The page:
advertisement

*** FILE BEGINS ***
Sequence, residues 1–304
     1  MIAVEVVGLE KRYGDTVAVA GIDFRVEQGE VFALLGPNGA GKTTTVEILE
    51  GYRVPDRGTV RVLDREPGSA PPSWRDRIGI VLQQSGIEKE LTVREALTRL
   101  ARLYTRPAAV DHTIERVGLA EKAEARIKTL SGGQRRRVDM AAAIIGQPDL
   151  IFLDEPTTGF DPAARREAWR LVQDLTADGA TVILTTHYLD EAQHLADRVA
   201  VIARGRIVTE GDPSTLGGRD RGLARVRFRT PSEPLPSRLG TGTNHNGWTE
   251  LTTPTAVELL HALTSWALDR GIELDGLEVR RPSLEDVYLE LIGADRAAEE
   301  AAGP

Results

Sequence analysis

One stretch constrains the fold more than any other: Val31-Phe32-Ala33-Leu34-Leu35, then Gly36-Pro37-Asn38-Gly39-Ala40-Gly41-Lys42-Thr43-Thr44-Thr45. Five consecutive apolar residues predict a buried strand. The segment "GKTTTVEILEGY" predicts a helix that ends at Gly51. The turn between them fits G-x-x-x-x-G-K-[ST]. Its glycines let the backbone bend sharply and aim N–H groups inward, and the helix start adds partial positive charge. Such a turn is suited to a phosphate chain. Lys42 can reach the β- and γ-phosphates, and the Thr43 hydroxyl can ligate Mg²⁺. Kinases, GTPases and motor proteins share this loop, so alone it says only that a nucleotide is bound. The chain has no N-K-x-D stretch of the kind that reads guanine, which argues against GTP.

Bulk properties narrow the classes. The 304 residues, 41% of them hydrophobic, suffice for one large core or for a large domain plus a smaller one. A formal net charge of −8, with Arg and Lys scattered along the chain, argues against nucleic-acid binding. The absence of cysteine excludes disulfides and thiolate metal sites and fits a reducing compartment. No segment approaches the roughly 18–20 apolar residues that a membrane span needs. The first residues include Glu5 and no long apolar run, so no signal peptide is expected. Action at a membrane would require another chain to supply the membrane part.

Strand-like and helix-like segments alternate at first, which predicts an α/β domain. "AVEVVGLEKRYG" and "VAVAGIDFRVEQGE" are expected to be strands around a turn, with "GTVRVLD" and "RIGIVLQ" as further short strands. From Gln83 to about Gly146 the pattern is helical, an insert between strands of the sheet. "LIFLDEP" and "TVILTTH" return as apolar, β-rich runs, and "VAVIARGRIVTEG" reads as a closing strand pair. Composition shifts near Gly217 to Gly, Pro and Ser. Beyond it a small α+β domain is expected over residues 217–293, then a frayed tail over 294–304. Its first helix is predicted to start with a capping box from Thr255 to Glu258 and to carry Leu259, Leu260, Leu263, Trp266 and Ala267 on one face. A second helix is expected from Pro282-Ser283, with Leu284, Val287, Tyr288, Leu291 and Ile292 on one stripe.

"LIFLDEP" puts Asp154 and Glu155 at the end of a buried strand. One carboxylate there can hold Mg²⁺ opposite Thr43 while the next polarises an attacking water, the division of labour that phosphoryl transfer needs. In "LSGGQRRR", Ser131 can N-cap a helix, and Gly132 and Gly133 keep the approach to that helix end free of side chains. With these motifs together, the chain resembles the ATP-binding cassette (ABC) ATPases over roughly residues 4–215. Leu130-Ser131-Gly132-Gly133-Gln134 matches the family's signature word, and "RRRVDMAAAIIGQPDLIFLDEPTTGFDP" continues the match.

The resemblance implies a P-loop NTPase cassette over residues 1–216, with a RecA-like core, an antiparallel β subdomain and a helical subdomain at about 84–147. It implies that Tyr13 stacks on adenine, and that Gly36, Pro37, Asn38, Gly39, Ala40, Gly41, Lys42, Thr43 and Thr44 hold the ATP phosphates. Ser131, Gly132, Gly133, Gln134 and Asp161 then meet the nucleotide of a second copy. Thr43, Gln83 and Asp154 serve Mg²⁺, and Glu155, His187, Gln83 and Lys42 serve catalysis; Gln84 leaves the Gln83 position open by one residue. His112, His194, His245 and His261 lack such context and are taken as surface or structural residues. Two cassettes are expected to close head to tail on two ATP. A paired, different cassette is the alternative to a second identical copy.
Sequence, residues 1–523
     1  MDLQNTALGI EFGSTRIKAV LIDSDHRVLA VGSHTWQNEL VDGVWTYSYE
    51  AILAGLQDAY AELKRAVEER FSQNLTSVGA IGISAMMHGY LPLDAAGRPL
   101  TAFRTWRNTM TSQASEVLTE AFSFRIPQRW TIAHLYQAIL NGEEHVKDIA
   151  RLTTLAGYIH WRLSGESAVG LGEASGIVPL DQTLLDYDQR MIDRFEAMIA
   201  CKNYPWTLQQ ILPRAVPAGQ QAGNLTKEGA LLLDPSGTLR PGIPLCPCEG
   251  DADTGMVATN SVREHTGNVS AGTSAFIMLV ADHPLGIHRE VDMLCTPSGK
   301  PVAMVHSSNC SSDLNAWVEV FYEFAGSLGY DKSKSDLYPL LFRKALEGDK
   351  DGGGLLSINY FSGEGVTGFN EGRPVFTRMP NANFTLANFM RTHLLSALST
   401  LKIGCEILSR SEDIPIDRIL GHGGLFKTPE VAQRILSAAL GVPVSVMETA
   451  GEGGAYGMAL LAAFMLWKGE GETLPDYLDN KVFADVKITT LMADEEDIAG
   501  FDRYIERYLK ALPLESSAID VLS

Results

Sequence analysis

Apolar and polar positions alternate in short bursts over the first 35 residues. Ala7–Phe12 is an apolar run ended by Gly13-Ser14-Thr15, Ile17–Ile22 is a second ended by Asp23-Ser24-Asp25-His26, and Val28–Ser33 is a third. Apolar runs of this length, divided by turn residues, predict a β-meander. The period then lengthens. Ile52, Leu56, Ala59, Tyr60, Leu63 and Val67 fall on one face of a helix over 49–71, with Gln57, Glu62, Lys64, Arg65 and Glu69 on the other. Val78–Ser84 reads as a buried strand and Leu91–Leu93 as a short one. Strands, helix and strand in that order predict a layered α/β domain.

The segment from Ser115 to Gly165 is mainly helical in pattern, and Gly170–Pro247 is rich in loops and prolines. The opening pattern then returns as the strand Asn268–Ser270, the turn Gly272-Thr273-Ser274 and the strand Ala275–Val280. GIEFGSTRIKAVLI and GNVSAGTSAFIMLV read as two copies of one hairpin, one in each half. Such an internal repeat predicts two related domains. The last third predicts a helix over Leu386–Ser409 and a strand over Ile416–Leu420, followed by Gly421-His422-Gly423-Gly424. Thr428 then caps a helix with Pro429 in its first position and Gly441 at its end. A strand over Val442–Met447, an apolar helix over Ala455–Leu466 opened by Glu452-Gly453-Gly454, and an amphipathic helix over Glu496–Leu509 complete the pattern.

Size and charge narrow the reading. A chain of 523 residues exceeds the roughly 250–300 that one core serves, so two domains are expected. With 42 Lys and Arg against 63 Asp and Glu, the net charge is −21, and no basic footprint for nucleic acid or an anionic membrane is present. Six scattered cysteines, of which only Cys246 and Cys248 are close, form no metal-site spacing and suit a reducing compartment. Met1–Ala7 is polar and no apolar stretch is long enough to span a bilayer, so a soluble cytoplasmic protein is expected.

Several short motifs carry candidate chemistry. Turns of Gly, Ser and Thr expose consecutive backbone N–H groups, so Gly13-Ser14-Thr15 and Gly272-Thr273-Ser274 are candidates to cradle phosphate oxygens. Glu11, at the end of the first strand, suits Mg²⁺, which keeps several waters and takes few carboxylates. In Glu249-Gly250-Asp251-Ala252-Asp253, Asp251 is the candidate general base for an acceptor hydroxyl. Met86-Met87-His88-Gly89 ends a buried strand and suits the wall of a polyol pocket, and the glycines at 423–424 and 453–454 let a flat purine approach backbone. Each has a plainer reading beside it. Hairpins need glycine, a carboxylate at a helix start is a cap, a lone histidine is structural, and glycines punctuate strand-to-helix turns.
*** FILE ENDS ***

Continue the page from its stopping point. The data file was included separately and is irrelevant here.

MATH NEWS Grade 6, Module 2, Topic C 6th Grade Math Module 2: Arithmetic Operations Including Division of Fractions Math Parent Letter This document is created to give parents and students a better understanding of the math concepts found in Eureka Math (© 2013 Common Core, Inc.) that is also posted as the Engage New York material taught in the classroom. In Module 2 of Eureka Math (Engage New York), students complete their understanding of the four operations with positive rational numbers, thereby preparing students for understanding, locating, and ordering negative rational numbers. Focus Area Topic C: Words to Know: Estimation: Using numbers that are close to the actual numbers in order to make the operations easier. In addition, subtraction, and multiplication we usually round numbers. In division, we use compatible numbers to make division easier. Algorithm: A step-by-step problem-solving procedure showing computational procedure for solving the problem. Dividend: The number to be divided in a division problem. Divisor: The number used to divide the dividend in a division problem. Quotient: Answer to a division problem Focus Area Topic C: Estimating Digits in a Quotient Computing Students are encouraged to use estimation as a tool to help get an approximate answer. When students work a problem and obtain an answer, they should question themselves, “Is my answer reasonable?” Students use their estimated answer to help decide if their answer is reasonable. Example Problem and Answer Estimate 5911 ÷ 23. Students should be using compatible numbers that will make it easy to estimate. Change 5911 to 6000 and 23 to 20. So, 6000 ÷ 20 is 300. Students should then know that the answer to the original problem is close to 300. As we go through the lesson, estimation is a great tool to check whether or not an answer is reasonable. Focus Area Topic C: Dividing Multi-Digit Numbers Using the Algorithm and an Array as a Visual 21 48 1008 - 960 48 - 48 0 48 20 1 960 48 Explanation of an Array: An array is simply a rectangular box which allows us to perform the standard division algorithm using a visual model and place value skills to solve the problem. The divisor goes on top. Ask: how many groups of 48 will be close to 1008 without going over. The answer to the questions goes on the left of the first box. There are approximately 20 groups of 48 in 1008. The inside of the first box tells us 48 groups of 20 is how much? (960). After subtracting 960 from 1008, we are left with 48. Ask: How many groups of 48 are in 48? The answer goes to the left of the second box One group of 48 is in 48. The one is put to the left of the second box. The sum of the numbers to the left is the answer. 20 + 1 is 21, so the quotient is 21 with nothing leftover. Focus Area Topic C: Expressing Remainders as a Decimal Example Problem and Answer: Students will extend their understanding of division by placing a decimal with zeros to express their answer in a more precise decimal form. State the power of 10 you would use to convert the given decimal division to whole number division. 38.9 ÷ 2.91= 13.36769759 Example Problem and Answer Divide 31,218 ÷ 132 As we divide, we can use our knowledge of place value to guide us. 236.5 132 31218.0 312 hundreds ÷ 132: 2 hundreds -264 481 481 tens ÷ 132: 3 tens -396 858 858 ones ÷ 132: 6 ones -792 660 660 tenths ÷ 132: 5 tenths - 660 0 Focus Area Topic C: Converting Decimal Division into Whole Number Division Students will multiply by powers of 10 if there is a decimal in the divisor. The purpose is to make the divisor a whole number. When students figure which power of 10 to use, they must also multiply the dividend by the same power of 10. Example Problem and Answer Divide 742.66 by 14.2 We can rewrite the division problem so that the divisor is a whole number and the quotient remains the same. This makes it easier to use the long division algorithm and yield the same answer. We can multiply both numbers by 10, so that the divisor will change from 14.2 to 142. Then we will have a whole number to divide by. We always multiply the dividend by the same power of 10. So the new problem will become 7,426.6 ÷ 142 52.3 142 7426.6 -710 326 -284 426 -426 0 We know to multiply the divisor by 10 because the original divisor is 14 and 2 tenths. If the number had been 14 and 25 hundredths (14.25) we would multiply the divisor by 100 to convert the divisor to the whole number 1425. Students would multiply the dividend and divisor by 100 or 102. The problem then becomes whole number division. If we multiply both the dividend and divisor by the same power of 10, the quotient will not change. 3890 ÷ 291 = 13.36769759 In the previous example, what would happen if we multiplied both the dividend and divisor by 1, 000, or 10,000 or 100,000? 38.9 x 1,000 = 38900 2.91 x 1,000 = 2910 38900 ÷ 2910 = 13.36769759 Through several examples such as this, students are convinced using this method does not change the answer; it only makes using the standard long division algorithm easier to understand. Example and Problem and Answer Miko spent $4.35 on each pound of candy for the picnic. She spent a total of $21.75. How many pounds of candy did she purchase? Students should estimate to determine if their final answer is reasonable. 20 ÷ 4 = 5; The answer should be close to 5 if not 5. 21.75 ÷ 4.35 = 5 Miko purchased 5 pounds of candy therefore our estimate of 5 pounds is reasonable.